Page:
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Flashcards in Somatosensory I Deck (24)
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What kinds of info do somatosensory receptors convey? (4)

Sensory adaptation


What is meant by the intensity coding?

Increased stimulus results in increased amplitude of receptor potentials, which produces increased frequency of action potentials.
Thus, intensity of stimulus may be represented by the frequency of APs.


Describe sensory adaptation and what it communicates to the CNS.

Decrease in neural activity with sustained stimulus.
Tells CNS when the stimulus changes.


What impact do slow vs fast adapting receptors have on the message sent to the brain?

Fast adapting receptors have rapid onset and offset, they communicate that something occurred.
Slow adapting receptors gradually decrease activity and communicate the status of the stimulus, or what is occurring.


What are the different somatic modalities?

Tactile: touch, pain, temperature
Proprioception: joint position, muscle sense, and movement


How are sensory modalities distinguished by peripheral nerves?

Individual sensory neurons respond maximally to one modality.
Modalities can also be distinguished by grossly by conduction velocity.


What are cutaneous receptive fields and how do they contribute to tactile localization?

A cutaneous RF is the area of skin innervatd by the branches of a single sensory neuron. RFs of mechanoreceptors vary in size, so you have different degrees of acuity in different areas of the skin.
It's easier to localize touch in areas of skin that have smaller RFs.


Describe the compound action potential and what it tells you. How is an unmyelinated axon designated in terms of the compound AP?

Recordings of the summed APs measured over time at a single point on a nerve. The APs are coming from different neurons in the same nerve. The farther down the nerve you measure, the more the peaks separate due to different conduction speeds of the axons. This allows you to judge how fast different axons are.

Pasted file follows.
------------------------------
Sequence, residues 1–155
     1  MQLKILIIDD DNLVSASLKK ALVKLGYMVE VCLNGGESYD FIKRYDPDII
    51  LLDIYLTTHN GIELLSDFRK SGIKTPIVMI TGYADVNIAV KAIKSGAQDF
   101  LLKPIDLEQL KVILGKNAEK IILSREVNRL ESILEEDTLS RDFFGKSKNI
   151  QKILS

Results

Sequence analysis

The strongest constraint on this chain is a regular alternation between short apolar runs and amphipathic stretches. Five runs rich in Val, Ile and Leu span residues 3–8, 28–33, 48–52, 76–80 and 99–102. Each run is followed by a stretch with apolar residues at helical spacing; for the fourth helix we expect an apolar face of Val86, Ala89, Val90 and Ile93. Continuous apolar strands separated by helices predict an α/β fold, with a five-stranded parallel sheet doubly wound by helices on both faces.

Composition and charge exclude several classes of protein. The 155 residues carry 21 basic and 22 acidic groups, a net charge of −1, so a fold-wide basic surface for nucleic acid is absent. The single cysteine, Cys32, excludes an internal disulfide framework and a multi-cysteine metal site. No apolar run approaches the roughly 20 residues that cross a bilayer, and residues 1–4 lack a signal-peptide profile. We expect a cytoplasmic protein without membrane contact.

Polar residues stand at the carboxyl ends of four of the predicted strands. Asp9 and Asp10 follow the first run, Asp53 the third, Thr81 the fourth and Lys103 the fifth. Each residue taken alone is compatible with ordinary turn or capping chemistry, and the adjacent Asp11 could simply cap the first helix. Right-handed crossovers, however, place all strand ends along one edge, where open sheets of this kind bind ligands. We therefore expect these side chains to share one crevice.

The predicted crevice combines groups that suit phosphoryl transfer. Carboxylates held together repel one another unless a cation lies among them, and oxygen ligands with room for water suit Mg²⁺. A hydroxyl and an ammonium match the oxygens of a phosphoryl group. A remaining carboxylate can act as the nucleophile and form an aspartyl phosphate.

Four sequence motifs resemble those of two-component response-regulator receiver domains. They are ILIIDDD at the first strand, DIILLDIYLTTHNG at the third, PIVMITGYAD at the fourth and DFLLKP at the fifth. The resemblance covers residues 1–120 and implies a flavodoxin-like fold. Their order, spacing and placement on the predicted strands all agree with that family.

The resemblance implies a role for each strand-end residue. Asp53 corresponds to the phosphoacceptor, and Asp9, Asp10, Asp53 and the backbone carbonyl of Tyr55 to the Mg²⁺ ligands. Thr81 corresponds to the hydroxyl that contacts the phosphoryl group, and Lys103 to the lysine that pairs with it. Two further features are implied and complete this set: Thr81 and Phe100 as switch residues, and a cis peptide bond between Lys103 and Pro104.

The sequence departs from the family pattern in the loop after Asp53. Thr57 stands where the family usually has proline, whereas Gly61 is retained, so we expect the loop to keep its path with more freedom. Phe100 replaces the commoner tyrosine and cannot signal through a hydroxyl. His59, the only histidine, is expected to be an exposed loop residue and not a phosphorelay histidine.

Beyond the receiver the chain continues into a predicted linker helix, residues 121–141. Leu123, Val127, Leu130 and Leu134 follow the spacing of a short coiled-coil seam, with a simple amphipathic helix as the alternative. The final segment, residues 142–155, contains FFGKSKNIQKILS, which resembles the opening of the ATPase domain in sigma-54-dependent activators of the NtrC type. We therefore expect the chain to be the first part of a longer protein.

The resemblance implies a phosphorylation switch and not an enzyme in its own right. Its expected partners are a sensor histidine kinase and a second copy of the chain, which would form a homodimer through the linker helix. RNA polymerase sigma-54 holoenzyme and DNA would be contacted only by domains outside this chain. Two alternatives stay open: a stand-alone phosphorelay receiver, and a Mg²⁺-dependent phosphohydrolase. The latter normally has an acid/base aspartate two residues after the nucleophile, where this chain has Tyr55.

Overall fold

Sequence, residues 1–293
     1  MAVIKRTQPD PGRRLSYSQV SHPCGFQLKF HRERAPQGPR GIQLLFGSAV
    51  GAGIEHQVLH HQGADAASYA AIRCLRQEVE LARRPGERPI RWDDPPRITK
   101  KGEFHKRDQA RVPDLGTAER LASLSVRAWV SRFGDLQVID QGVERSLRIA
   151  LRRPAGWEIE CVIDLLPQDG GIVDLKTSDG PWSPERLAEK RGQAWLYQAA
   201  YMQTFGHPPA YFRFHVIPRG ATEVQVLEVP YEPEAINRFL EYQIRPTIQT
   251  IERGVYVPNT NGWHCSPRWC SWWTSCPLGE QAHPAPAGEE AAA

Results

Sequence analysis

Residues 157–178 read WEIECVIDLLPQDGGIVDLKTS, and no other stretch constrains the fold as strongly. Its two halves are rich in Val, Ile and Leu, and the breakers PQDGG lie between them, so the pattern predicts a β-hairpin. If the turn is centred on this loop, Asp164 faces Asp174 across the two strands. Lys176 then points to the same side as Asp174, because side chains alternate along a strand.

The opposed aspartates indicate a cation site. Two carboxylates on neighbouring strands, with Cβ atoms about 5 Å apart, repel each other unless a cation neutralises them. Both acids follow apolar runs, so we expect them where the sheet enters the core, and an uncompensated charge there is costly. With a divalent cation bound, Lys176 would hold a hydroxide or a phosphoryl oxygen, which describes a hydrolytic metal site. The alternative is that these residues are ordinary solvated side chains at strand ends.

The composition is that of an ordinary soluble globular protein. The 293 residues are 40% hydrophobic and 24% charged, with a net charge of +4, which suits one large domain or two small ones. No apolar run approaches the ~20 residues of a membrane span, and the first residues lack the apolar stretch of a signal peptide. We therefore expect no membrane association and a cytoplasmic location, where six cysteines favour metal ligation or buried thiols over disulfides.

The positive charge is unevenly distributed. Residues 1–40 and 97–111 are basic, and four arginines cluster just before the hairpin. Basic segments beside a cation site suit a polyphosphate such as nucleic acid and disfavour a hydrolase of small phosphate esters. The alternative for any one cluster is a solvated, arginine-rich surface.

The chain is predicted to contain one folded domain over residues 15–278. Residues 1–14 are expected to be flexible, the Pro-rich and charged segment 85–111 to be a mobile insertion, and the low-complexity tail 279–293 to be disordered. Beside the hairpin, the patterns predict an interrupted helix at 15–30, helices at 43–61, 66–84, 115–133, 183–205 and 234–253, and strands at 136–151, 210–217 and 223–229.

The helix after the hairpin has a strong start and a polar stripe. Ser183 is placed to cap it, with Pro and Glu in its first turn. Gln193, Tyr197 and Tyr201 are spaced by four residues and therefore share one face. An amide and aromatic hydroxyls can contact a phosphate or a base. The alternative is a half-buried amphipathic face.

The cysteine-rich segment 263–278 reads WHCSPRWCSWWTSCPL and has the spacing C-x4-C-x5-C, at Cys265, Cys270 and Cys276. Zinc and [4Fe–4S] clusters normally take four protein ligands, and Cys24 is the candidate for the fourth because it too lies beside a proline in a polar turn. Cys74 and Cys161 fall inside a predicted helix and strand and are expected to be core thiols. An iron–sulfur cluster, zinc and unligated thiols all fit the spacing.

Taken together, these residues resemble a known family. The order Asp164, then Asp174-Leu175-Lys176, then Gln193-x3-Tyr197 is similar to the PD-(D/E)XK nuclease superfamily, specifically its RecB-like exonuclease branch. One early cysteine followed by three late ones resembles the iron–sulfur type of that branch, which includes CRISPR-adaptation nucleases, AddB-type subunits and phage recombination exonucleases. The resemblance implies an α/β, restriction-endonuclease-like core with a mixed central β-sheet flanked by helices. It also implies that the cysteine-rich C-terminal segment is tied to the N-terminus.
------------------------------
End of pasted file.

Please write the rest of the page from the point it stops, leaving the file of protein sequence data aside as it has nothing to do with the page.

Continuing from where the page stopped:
An unmyelinated axon would be more likely a C fiber, which are the slowest.


Which receptors for discriminative touch are slow-adapting and which are fast-adapting?

Slow: Merkel cell, Ruffini corpuscle
Fast: Meissner corpuscle, Pacinian corpuscle, Hair follicle


How are the tactile modalities (other than discriminative touch) sensed?

Free nerve endings, slow adapting, C and A-delta axons.
Temperature: within dermis
Pain: up to stratum granulosum


What are each of the discriminative touch receptors sensitive to? (5)

Merkel: form, texture (fingers scanning a surface)
Ruffini: skin stretch (hand shape and position)
Meissner: skin movement and slip (grip control)
Pacinian: Vibration
Hair follicle: motion/direction of stimulus


What modalities are transmitted along the dorsal column lemniscal system?

Discriminative touch


Describe the dorsal column lemniscal system.

First-order neurons are the A-beta sensory neurons from the periphery. They travel as the dorsal columns to the gracile and cuneate nuclei in the mudulla.

Second order neurons begin at the dorsal column nuclei and decussate at the level of the medulla, then travel up to synapse in the ventral posterolateral nucleus of the thalamus in the internal capsule.

Third order neurons convey the information from the thalamus to the primary somatosensory cortex.